FLYER TO SEE SOME OF THE PAGES PRESS HERE (PDF)
SHORT MOVIE ABOUT THE BOOK (IN DUTCH) – https://www.facebook.com/watch/?v=1134132813634408
In the beginning of the 20th Century man learned to fly. Flying has become a popular, even daily routine, but in our present century mass tourism through the air is questioned because of its environmental burden, a notion practically absent in the past century.
Theoretical and practical 20th Century aviation matters led to great enthusiasm by the general public. Entrepreneurs took advantage of this by inserting attractive aircraft images with their products, such as cigarettes, coffee, tea, bread, chewing gum, cereals etc., thus enhancing their sales. This not only happened in the Western World. It was a worldwide phenomenon. It is the subject of the book we discuss in this brochure. Around the turn of the century author Bob Dros (1946) decided to compile the vast amount of aircraft cards and albums in a kaleidoscopic book. During this process he found a publication called American Tobacco Cards by Robert Forbes and Terence Mitchell. When he read their preface lines he instantly felt connected to their inner world reflecting the same state of mind:
‘This book is the result of the authors’ personal interest in American Tobacco Cards, which we have collected for many years. Both of us had been frustrated on numerous occasions when we were unable to easily find information about a card type we had come across or when we couldn’t locate any good lists for some of the series we were trying to complete. We realized that if we were having these problems, so were other members of our hobby. Consequently we decided to pull together as much of the available information as possible regarding these American tobacco card series and put it into one easy-to-use volume for the benefit of our fellow collectors.’
This opinion is Dros’s credo for the encyclopedia. It has been composed for aviation enthusiasts, especially those who are interested in aviation artwork, aviation trading cards and aviation card albums as they were issued in the 20th Century. It is also for collectors of non-sports picture cards in general, to give them an idea of the kind of aviation trade card series that were released internationally.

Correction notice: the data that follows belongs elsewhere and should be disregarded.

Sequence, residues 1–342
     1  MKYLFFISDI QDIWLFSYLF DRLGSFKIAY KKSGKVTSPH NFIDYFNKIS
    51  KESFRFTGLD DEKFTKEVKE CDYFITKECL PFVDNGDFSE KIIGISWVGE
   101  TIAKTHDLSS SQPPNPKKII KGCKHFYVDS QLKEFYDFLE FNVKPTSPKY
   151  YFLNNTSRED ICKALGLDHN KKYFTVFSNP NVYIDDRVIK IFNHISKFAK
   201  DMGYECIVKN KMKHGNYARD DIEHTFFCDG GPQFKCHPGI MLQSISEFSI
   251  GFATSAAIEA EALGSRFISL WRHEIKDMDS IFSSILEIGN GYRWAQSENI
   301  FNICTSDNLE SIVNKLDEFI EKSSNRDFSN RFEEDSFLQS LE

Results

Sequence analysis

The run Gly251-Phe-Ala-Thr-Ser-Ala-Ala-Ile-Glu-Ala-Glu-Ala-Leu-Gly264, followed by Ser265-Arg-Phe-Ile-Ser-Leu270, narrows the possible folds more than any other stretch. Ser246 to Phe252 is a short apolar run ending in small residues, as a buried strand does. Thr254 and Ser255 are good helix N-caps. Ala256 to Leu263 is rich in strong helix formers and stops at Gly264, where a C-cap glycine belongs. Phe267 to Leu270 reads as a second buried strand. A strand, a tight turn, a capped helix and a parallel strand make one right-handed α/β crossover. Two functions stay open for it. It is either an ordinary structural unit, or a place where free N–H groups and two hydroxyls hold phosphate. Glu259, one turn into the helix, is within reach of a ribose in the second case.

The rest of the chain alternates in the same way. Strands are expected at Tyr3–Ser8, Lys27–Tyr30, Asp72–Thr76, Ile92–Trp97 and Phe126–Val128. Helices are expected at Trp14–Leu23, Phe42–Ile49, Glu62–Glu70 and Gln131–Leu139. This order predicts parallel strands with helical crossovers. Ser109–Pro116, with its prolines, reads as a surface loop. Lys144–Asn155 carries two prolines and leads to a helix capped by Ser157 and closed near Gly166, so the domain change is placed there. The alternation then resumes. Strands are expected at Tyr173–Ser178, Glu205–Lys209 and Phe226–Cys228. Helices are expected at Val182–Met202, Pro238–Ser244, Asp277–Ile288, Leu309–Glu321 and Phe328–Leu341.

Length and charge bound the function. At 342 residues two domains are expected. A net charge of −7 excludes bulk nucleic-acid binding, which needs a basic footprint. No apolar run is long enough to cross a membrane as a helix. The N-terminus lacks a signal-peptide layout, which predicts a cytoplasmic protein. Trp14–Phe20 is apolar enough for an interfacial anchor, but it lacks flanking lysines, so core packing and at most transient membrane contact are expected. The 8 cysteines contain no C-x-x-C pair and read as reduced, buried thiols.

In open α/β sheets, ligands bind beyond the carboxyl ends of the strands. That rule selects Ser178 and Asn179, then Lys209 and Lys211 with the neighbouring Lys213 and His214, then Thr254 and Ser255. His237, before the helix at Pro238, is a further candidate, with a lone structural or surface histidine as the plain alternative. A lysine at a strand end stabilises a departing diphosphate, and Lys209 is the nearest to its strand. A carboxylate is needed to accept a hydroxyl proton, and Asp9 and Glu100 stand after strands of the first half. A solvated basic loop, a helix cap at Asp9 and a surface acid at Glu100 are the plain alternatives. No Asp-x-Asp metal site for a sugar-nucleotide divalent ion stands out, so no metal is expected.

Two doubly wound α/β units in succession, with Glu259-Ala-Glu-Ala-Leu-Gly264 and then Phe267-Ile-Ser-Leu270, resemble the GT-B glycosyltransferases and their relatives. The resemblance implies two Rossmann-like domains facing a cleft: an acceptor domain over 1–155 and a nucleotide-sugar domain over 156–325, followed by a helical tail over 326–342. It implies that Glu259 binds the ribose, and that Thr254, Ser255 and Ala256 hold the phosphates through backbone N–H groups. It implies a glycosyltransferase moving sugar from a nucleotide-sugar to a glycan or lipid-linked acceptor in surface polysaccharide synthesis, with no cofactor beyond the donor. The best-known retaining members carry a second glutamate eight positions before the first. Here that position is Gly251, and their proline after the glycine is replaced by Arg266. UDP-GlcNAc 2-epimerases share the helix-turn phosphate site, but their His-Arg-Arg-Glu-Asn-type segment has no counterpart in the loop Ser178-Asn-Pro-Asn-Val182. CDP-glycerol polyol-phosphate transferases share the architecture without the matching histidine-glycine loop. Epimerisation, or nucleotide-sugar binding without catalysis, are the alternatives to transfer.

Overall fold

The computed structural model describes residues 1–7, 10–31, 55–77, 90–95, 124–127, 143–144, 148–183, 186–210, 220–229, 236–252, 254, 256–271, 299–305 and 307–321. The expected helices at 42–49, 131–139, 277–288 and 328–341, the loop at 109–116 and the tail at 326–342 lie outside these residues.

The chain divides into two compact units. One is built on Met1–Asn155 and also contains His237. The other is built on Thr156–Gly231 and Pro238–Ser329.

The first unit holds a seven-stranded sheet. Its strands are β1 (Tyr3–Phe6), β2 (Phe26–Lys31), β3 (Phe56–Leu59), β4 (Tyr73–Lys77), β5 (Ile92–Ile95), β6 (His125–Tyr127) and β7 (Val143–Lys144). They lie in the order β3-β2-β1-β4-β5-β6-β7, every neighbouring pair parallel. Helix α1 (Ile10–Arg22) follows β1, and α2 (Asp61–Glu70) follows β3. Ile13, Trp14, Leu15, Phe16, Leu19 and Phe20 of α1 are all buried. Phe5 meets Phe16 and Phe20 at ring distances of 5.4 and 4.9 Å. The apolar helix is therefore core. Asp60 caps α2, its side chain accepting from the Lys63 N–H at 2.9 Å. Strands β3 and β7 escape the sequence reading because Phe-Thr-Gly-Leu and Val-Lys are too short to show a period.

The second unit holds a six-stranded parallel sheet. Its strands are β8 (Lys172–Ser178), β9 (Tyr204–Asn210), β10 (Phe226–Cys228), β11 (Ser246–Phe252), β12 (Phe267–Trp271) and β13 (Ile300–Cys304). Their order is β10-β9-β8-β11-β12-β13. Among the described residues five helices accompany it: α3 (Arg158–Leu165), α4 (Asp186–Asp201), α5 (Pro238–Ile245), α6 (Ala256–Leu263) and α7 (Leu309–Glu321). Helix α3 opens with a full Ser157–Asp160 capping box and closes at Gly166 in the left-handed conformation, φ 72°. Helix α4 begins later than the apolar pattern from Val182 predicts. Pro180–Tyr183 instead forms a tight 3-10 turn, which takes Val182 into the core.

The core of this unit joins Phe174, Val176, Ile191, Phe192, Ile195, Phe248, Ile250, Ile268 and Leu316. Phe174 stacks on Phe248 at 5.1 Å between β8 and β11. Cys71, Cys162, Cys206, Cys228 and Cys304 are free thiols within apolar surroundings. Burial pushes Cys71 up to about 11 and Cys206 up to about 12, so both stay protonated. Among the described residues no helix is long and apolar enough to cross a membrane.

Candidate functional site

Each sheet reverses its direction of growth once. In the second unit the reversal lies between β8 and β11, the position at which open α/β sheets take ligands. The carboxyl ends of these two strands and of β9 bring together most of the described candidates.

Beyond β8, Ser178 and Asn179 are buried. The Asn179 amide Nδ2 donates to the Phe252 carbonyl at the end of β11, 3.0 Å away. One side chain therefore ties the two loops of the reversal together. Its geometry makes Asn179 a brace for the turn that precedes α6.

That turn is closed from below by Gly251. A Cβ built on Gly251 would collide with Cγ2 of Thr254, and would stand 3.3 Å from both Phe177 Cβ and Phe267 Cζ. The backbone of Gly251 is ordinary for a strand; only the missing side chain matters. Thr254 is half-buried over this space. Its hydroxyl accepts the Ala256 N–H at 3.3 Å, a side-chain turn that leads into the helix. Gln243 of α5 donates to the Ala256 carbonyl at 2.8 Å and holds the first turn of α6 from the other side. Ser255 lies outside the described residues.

After a few introducing chapters Dros presents and comments 1014 card sets from 44 countries and over 250 odd, partly unidentified cards that were part of more generic sets like ‘transport’ or ‘engineering’Cards’ should be interpreted in a broad sense – package designs, matchbox labels, bread end labels, stickers, buttons etc. are included. The series are spread over six episodes. Some additional chapters follow with short biographies of six aviation artists responsible for artwork in the book, contributions of other collectors, a number of diagrams showing quantified data from the book, and a variety of 114 pieces of artwork in relation to one specific aircraft, the La Cierva Autogiro.
The encyclopedia closes with a publicity chapter (posters, advertisements etc.), acknowledgements, a list of consulted books, articles and websites for reference and an index of all presented card producers and traders, alphabetically and per country, By its chronological order the presented series form a colourful and original testimony of the development of aviation and of printing and graphical processes in general.
The ‘Encyclopedia of the World’s Aviation Cigarette and Trade Cards’ is a unique document, has 768 pages and measures 25 x 30 cm. Through its international character the narration is in the English language. This brochure is meant to be a rough impression of the book content: the foreword, some pages with presented series, an introduction to a chapter, one artist biography and two diagrams.